A resistance memory material is patterned by photolithography to form the resistance memory material bridge 510 where the length of the resistance memory material bridge 510 is larger than the thickness of the liner dielectric 410. Similarly, a resistance memory material is patterned by photolithography to form a resistance memory material bridge 520 where the length of the resistance memory material bridge 520 is larger than the thickness of the liner dielectric 412. The resistance memory material bridge 510 is etched to enable a connection with the first electrode 345 and the second electrode 420 a. A suitable shape of the resistance memory material bridge 510 is rectangular, but other shapes may also be used. A preferred width of the resistance memory material bridge 510 is in the range of 10 to 80 nm.
A hard mask 1010 is deposited on the resistance memory material bridge 510. The hard mask 1010 comprises a dielectric material such as silicon oxide. The etch process may be a single anisotropic etch for both the hard mask 1010, and the first and second electrodes 345, 420 a, or a two-step process, first etching the hard mask 1010 with a first etch chemistry, and second etching the first and second electrodes 345, 420 a with a second etch chemistry. In one embodiment, the etching rate of the hard mask 1010 is significantly less than the etch rate of the second electrode 420 b and sidewalls of first electrode 345 in the contact structure 326. A suitable etching type is a dry etching with Cl2-based chemistries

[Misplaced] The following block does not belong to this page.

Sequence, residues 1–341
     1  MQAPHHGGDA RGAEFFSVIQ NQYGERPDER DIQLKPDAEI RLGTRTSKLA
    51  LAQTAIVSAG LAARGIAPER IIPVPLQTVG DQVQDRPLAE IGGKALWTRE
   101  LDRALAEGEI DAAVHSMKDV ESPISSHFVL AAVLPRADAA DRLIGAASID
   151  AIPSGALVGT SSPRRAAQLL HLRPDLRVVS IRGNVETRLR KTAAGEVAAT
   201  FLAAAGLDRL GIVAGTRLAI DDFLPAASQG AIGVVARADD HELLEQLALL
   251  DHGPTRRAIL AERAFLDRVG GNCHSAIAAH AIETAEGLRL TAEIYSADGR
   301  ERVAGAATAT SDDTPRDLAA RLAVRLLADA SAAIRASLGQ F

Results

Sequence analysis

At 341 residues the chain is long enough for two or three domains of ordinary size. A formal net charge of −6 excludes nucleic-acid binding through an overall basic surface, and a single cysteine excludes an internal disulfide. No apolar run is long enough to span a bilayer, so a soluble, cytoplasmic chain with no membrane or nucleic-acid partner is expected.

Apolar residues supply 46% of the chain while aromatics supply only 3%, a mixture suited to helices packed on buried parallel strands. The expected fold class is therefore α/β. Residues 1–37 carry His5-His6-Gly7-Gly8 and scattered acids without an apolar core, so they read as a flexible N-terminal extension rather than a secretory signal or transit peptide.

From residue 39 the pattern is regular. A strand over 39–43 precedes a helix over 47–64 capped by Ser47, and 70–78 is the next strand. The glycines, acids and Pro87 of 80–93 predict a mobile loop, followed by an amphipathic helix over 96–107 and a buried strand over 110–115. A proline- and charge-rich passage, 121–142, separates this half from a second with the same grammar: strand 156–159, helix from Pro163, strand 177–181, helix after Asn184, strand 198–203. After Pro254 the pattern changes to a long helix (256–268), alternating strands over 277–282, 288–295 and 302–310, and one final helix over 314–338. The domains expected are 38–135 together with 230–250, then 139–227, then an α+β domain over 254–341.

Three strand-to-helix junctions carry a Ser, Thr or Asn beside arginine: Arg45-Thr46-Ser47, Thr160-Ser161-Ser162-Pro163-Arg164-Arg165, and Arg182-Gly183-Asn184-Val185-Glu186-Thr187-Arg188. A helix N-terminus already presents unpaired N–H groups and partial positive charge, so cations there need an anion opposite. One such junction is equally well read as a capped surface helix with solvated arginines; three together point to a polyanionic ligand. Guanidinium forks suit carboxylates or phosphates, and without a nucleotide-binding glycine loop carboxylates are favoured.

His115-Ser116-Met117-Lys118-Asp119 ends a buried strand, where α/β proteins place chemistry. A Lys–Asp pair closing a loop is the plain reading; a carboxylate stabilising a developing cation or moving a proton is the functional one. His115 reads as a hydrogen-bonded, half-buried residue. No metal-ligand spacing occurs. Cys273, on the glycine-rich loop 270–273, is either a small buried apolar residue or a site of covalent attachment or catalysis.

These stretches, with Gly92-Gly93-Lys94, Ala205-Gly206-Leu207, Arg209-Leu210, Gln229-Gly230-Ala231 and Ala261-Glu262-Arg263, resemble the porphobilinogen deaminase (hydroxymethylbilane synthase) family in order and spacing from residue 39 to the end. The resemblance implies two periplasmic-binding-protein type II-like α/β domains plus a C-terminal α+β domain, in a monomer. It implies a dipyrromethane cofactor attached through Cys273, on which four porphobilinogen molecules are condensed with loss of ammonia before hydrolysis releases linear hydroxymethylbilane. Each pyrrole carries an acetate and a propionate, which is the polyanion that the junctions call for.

The term “annular” includes not just a circular shape, but also includes other circumferentially extending shapes, regardless of whether it is a regular or irregular circumferentially extending shape, as dependent on a manufacturing process.
For additional information on the manufacture, component materials, use and operation of phase change random access memory devices, see U.S. patent application Ser. No. 11/155,067 entitled “Thin Film Fuse Phase Change RAM and Manufacturing Method”, filed on 17 Jun. 2005, owned by the assignee of this application and incorporated by reference as if fully set forth herein.
The invention has been described with reference to specific exemplary embodiments. Various modifications, adaptations, and changes may be made without departing from the spirit and scope of the invention. Accordingly, the specification and drawings are to be regarded as illustrative of the principles of this invention rather than restrictive, the invention is defined by the following appended claims.
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|U.S. Classification||257/363, 438/171, 257/E27.004, 257/E45.002|
|International Classification||H01L23/62, H01L21/338|
|Cooperative Classification||H01L45/04, H01L45/144, H01L27/2436, H01L45/1226, H01L45/16, H01L45/06, H01L45/146, H01L45/147|
|European Classification||H01L45/04, H01L27/24|
|May 17, 2006||AS||Assignment|
Owner name: MACRONIX INTERNTIONAL CO., LTD., TAIWAN
Free format text: ASSIGNMENT OF ASSIGNORS INTEREST;ASSIGNORS:HO, CHIAHUA;LAI, ERH-KUN;HSIEH, KUANG YEU;REEL/FRAME:017629/0912
Effective date: 20060505
|Jan 12, 2010||CC||Certificate of correction|
|Oct 12, 2010||CC||Certificate of correction|
|Mar 11, 2013||FPAY||Fee payment|
Year of fee payment: 4